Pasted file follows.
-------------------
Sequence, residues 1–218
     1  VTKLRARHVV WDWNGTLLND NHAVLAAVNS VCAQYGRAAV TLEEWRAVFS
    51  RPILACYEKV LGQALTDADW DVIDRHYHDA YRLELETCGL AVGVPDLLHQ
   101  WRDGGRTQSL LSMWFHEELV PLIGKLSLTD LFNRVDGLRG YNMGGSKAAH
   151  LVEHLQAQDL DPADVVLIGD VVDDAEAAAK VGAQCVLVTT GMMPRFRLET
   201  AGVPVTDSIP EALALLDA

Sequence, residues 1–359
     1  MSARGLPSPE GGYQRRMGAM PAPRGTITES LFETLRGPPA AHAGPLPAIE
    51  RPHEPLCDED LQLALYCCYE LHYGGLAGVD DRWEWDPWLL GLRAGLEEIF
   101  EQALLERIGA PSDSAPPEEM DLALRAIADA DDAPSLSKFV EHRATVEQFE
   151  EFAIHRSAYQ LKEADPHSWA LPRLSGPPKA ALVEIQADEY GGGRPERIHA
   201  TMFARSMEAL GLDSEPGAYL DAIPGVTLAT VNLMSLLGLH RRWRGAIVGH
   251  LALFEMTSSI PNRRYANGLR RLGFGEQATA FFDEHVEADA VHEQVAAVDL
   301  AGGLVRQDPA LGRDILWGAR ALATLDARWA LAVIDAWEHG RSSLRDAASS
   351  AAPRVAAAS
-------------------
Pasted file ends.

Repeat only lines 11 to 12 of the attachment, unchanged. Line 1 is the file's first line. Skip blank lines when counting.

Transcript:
   151  EFAIHRSAYQ LKEADPHSWA LPRLSGPPKA ALVEIQADEY GGGRPERIHA
   201  TMFARSMEAL GLDSEPGAYL DAIPGVTLAT VNLMSLLGLH RRWRGAIVGH